Guest Blogger, Mike Grady MD, returns with his insight into the so-called “death panel.” See Dr Grady’s previous post here.
I recently conducted one of Sarah Palin’s “ death panels” and thought I would let you know how it went. The expression of course comes from Palin’s absurd
delusion that a proposed provision of the President’s health plan would have the government making decisions to deny health care to elderly and disabled citizens. The actual language would have Medicare pay physicians to have voluntary end-of-life discussions with patients at critical junctures in their lives. Nothing more; nothing less.
My conference was a typical one. An elderly patient is admitted to a nursing facility after an extensive hospitalization with uncertainty about his prognosis and whether he will ever be able to return home. The patient, whose capacity to make decisions is limited, and family members are present. There were no government bureaucrats in the room or mandatory discussion guidelines. There was instead a good discussion of diagnoses and the clinical uncertainties involved. Decisions were made and some deferred about resuscitation, re-hospitalization, tube feedings, aggressive vs. palliative care and hospice. All of this was explored in view of the patient’s values, preferences and priorities.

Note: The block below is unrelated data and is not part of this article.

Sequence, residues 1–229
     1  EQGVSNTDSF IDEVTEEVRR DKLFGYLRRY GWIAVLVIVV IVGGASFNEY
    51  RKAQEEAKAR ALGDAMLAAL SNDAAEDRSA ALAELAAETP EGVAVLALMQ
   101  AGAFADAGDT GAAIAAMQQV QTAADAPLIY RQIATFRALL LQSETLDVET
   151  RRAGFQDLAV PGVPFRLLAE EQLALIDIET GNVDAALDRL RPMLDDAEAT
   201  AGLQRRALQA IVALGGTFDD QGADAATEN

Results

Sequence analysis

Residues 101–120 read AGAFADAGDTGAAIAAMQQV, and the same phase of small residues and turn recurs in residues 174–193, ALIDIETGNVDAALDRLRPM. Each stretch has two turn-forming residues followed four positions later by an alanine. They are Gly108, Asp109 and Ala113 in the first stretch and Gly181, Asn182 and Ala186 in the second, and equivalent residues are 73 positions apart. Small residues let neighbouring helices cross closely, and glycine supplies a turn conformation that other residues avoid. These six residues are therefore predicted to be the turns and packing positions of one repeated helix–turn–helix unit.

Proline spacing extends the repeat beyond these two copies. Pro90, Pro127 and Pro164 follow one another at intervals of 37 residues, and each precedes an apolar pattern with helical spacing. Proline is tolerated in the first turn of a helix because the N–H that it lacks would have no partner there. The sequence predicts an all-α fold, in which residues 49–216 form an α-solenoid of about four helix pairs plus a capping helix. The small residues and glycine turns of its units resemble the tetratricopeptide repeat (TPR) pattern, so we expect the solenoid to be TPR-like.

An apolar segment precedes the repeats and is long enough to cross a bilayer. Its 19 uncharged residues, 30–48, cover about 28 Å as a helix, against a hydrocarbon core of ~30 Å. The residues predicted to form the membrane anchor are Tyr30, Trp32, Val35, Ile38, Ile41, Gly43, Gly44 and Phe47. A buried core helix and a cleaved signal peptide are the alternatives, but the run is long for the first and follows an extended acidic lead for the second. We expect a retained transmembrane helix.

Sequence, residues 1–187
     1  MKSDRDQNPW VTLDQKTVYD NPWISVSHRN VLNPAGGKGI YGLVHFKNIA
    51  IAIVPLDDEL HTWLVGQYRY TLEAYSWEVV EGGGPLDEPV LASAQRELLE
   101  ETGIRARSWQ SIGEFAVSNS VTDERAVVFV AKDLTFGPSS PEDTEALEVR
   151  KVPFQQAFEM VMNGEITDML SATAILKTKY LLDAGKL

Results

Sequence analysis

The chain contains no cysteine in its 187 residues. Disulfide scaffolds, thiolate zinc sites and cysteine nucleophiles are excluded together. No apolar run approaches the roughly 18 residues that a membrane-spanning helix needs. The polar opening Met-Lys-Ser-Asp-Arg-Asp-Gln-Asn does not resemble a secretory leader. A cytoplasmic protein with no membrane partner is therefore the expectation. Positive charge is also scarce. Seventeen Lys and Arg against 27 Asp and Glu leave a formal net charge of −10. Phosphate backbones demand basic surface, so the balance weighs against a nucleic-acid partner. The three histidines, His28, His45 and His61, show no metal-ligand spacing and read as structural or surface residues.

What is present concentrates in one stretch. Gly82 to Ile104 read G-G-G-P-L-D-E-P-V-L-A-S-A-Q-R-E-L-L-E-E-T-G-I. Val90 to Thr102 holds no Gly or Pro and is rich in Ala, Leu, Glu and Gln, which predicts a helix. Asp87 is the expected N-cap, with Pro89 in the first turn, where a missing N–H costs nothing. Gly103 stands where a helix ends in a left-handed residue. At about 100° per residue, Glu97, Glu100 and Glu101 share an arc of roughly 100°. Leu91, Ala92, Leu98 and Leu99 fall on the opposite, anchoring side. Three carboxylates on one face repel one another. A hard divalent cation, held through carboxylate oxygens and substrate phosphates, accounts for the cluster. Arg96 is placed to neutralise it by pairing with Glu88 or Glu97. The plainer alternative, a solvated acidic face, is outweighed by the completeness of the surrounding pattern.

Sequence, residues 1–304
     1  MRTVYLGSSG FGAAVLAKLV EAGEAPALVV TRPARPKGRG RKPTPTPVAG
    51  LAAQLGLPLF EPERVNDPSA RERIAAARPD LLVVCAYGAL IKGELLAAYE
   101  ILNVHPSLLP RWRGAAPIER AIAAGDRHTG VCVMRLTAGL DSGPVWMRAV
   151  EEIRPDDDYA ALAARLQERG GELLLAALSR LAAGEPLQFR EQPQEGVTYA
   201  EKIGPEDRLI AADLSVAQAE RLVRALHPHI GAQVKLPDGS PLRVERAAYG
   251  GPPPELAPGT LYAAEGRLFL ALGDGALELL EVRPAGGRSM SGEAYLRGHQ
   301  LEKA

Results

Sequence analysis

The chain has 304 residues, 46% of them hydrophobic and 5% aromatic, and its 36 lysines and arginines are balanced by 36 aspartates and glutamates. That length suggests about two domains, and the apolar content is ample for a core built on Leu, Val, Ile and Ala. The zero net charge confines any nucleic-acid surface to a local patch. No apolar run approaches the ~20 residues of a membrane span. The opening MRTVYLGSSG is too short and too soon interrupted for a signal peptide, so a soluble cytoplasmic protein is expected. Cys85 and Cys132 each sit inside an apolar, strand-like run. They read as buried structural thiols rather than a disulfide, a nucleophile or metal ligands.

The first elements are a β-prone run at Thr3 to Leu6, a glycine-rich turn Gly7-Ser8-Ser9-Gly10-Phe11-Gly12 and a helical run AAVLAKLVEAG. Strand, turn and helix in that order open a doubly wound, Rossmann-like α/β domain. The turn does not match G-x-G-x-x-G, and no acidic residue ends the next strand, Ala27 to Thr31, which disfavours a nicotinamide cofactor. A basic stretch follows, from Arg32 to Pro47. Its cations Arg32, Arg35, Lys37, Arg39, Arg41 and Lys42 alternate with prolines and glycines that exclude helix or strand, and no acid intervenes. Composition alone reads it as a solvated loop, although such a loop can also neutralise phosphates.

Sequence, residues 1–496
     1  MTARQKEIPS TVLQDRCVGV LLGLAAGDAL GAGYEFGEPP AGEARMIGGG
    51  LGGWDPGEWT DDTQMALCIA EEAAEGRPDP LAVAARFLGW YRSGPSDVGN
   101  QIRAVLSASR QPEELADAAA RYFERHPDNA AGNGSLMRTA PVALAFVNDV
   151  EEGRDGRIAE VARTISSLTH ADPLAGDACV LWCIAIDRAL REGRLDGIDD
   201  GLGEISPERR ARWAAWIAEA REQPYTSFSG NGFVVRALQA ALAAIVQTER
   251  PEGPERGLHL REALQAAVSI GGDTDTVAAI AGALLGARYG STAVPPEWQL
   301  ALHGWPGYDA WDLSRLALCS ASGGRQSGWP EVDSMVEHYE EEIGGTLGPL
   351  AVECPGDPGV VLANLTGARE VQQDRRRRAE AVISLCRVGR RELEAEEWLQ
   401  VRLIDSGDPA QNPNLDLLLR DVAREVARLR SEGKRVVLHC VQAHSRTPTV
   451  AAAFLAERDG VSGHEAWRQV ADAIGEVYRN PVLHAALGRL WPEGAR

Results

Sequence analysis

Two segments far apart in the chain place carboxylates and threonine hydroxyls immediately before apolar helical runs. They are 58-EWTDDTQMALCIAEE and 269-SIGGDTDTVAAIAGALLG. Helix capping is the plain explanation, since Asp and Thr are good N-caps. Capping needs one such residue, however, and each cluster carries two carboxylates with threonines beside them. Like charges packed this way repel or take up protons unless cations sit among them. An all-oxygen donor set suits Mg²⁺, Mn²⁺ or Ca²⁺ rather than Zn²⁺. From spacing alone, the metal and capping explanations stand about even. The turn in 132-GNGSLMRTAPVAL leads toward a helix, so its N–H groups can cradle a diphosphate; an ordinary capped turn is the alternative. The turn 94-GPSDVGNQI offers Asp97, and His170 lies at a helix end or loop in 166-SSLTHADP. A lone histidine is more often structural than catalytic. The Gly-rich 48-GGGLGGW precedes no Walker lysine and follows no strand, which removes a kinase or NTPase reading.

These kinds of conversations are necessary because of the way we die. We do not get old and die; we get old and sick and die, with an average of 5-10 years of disability before our deaths. Advancements in medicine have both prolonged our lives and, in some cases, prolonged our dying. This places us in a position of being able to make choices about how we die. We can make decisions for ourselves and our loved ones that may make the difference between whether that last touch is from a spouse or the hand of someone doing chest compressions; whether the last sound we hear is a whispered good bye or the swoosh of a ventilator; whether the last nutrition we receive is a lovingly offered spoonful or a concoction delivered by a surgically implanted tube in our abdomen.
We are fortunate in Oregon to live in a state that has pioneered end of life care. The Physician Order for Life Sustaining Treatment ( POLST ) form, in particular, developed at OHSU, has served as a useful instrument in focusing the discussions and clarifying the decisions at the end of life.
Palin’s paranoia and its apparent success bode poorly for the important resource allocation decisions we need to make as a society. We cannot afford all beneficial health care. Ideally, we will make these determinations by combining the best medical information with community values in a process that is transparent and protected from the demagoguery that Palin and her ilk currently use to disrupt and poison our national dialogue.
So there you have it, death panels in action. Be afraid, Sarah Palin. We are out there. There are thousands of us. We are physicians, nurses, chaplains and others who believe that patients in hospitals, nursing homes, palliative care and hospice deserve these difficult, time consuming discussions when life is ending or on the horizon.
Michael Grady, M.D.
Dr. Grady is a family physician in Silverton. He can be reached at: firstname.lastname@example.org.
Posted in full on TheZoo with the expressed permission of the author, Michael Grady.
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